Conduct a few customer interviews to learn what they think was responsible for their decision to buy from you. Be sure you're interviewing customers who had both short and long sales cycles so you get diverse perspectives.
5. Set Lead Score Rules
Now, let’s identify the actions contacts can take that correspond with each threshold we have defined:
- Prospect – Downloaded a free offer
- Lead – Filled out a contact form
- MQL – Scheduled time (or registers for an event)
- SQL – Attended an event or meeting
Your Whitepaper offer is worth 10 points. If a contact downloads your free offer they become a Prospect.
The contact form is worth 50 points. If a contact fills out your contact form, or downloads all 5 of your free offerings, they become a Lead.
The opportunity to put time on the calendar to talk is worth 75 points. If a contact schedules time to discuss your product with you, they become a MQI.
And demo attendance is worth 100 points. Once a contact attends a meeting to discuss your product, they become a MQL—a “hot” lead!
If your Salesteam accepts the Lead it will become a SAL. So this lifts the opportunity closing possibility to 10%. If the offer and the support are in line with the customer expectations an opportunity is created and the Contact becomes a SQL.
This means that a contact can move quickly through your lead scoring system by taking specific actions.
6. Use negative attributes/scoring to avoid inflated scores
Lead scores that rely solely on positives as a means of scoring lead to score inflation. In order to offset score inflation, you must apply the necessary negative attributes to any given lead to help decrease scores based on inactivity or lack of fit. There are many ways to combat score inflation. An easy one is to include industries you don't serve as negative scoring criteria.
7. Revisit lead scoring models frequently
If qualified leads aren't turning into opportunities or a marketing team is constantly adding on new campaigns that require their own scoring model, sales and marketing teams should schedule regular check-ins to evaluate the performance of the existing model.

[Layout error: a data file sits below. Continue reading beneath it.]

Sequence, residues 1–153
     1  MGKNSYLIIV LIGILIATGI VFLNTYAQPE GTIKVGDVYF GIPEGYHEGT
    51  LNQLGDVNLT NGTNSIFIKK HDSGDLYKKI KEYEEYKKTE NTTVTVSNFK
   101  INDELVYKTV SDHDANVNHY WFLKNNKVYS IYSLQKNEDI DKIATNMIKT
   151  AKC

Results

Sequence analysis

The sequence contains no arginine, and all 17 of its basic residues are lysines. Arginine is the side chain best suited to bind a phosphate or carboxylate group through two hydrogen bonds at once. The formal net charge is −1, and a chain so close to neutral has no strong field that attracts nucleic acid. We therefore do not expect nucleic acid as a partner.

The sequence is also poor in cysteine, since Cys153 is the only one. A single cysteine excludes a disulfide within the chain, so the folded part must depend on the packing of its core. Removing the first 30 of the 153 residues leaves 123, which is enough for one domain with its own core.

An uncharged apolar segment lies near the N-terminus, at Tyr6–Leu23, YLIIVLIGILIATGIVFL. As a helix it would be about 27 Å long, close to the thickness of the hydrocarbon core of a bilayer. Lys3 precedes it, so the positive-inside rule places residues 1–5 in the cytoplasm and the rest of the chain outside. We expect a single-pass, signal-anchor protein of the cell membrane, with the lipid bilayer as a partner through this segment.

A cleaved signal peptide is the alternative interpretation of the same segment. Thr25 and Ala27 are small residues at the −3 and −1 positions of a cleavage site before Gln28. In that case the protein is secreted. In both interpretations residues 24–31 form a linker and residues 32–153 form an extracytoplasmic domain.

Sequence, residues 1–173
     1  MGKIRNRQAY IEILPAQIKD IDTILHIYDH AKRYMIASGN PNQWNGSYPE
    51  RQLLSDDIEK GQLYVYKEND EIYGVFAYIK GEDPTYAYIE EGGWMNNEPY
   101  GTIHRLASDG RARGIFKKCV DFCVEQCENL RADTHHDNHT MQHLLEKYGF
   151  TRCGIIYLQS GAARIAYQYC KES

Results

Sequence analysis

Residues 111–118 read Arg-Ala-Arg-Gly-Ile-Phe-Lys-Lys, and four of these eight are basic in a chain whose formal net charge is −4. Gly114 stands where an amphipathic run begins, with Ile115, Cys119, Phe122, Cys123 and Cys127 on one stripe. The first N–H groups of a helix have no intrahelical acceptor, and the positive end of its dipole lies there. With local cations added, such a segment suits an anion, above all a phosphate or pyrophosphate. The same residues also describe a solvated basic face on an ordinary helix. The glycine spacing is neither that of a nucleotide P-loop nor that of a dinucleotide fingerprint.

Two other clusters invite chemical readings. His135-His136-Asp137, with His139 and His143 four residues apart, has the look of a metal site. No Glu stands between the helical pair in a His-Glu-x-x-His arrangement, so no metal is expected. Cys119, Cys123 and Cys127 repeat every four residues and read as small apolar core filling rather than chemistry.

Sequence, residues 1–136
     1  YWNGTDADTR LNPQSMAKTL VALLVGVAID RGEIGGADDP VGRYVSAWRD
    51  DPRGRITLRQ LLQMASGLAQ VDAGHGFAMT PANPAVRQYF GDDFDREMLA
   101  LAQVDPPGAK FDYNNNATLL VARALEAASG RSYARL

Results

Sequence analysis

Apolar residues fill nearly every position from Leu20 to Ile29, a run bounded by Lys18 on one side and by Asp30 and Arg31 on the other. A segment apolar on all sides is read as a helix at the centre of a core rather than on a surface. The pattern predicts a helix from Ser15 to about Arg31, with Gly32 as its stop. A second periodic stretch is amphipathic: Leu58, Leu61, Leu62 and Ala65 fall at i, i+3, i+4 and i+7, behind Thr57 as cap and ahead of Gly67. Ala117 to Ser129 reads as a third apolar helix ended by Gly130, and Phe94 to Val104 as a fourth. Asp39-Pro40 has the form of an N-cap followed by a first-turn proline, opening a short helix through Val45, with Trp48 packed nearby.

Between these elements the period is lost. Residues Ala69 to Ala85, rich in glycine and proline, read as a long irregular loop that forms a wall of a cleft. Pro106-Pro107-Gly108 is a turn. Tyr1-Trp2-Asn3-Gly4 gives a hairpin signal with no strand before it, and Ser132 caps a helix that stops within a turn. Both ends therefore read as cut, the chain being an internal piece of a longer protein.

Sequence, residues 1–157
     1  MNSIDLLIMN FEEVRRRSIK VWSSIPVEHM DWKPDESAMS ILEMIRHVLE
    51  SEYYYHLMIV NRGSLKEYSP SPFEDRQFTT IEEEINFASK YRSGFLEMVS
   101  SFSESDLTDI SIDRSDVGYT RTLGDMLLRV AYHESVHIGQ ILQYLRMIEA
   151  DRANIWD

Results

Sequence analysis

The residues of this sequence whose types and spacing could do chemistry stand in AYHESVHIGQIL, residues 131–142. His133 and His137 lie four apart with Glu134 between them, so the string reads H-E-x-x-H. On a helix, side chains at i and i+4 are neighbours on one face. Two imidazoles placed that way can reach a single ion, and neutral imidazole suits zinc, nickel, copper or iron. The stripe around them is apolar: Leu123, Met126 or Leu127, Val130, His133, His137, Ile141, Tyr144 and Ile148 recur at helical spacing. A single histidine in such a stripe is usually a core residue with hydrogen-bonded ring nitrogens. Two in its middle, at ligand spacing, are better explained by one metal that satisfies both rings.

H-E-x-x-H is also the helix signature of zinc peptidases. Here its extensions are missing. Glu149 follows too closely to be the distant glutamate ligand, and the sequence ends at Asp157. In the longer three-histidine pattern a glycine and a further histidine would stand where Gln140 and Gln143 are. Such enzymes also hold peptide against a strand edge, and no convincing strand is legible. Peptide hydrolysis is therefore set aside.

Holding a meeting between the sales and marketing teams once a quarter gives the opportunity to discuss if the lead scoring mechanism works, where there is room for improvement or what scores they need to adjust based on performance.
8. Disqualify dead-end leads
Some leads that enter your database will never convert into customers, plain and simple. For example, imagine someone completes one of your content download forms and lists their occupation as “student.” You can rest assured that they are probably doing academic research, not looking to buy your product.
You can use your marketing automation and lead scoring tools to automatically disqualify leads like this. Doing so ensured you don’t waste time marketing to them. The importance of disqualifying leads shouldn’t be underestimated.
9. Ask for Feedback
Marketing teams should regularly send out Net Promoter Score surveys but should also interview or survey customers beyond that. Customers often have a different experience than the way sales or support would describe it, so it's important to account for all angles of their experience.
When speaking with customers, the best information to collect -- outside of their demographics data, which assists with company and persona profiles -- are specifics around what drove them to make their purchase. Between short sales cycles or long sales cycles, teams want to know what causes customers to convert quickly or what activities assisted in their decision-making process. This helps marketers develop more content or campaigns that align with those customers' experiences.
10. Automate alerts to sales for new MQLs
Sales needs to be notified as soon as possible when a lead becomes qualified. Your possibility to qualify a contact after a form submission decreases with every minute where no action is taken. After 60 minutes it decreases by 6x times.
You can ensure rapid outreach when a lead becomes marketing qualified with automatic task notifications in your CRM. You can set this up as part of the automated workflow for lead scoring. Simply add a step that sends that notification to the sales rep the moment someone becomes an MQL. You can also customize the task to include all the touchpoints that led that lead to being qualified.
11. Track your Conversions from MQL to Closed Won
Once you qualify a lead and send them to sales, your rep starts a conversation with them. At that point, they are considered a sales accepted lead (SAL). This means that sales has accepted them as a valid lead and is now working them.
If the conversation goes well, your sales rep will open an opportunity or deal with that lead, which means they have been marked as a sales qualified lead (SQL).
Measuring the percentage of MQLs that turn into SQLs gives you an idea of the quality of leads you are passing to sales. If sales is only qualifying one out of every 20 MQLs you pass them, that indicates that you are probably qualifying them too soon. Use this metric to help analyze results each time you revisit the scoring mechanism with sales.